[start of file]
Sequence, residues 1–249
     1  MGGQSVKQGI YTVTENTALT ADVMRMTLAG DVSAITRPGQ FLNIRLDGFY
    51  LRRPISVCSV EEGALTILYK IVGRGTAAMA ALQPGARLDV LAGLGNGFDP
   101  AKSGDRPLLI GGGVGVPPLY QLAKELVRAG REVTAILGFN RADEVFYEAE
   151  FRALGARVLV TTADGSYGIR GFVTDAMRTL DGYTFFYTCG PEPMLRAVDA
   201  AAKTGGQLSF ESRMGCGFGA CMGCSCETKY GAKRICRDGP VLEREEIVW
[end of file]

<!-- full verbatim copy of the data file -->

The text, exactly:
Sequence, residues 1–249
     1  MGGQSVKQGI YTVTENTALT ADVMRMTLAG DVSAITRPGQ FLNIRLDGFY
    51  LRRPISVCSV EEGALTILYK IVGRGTAAMA ALQPGARLDV LAGLGNGFDP
   101  AKSGDRPLLI GGGVGVPPLY QLAKELVRAG REVTAILGFN RADEVFYEAE
   151  FRALGARVLV TTADGSYGIR GFVTDAMRTL DGYTFFYTCG PEPMLRAVDA
   201  AAKTGGQLSF ESRMGCGFGA CMGCSCETKY GAKRICRDGP VLEREEIVW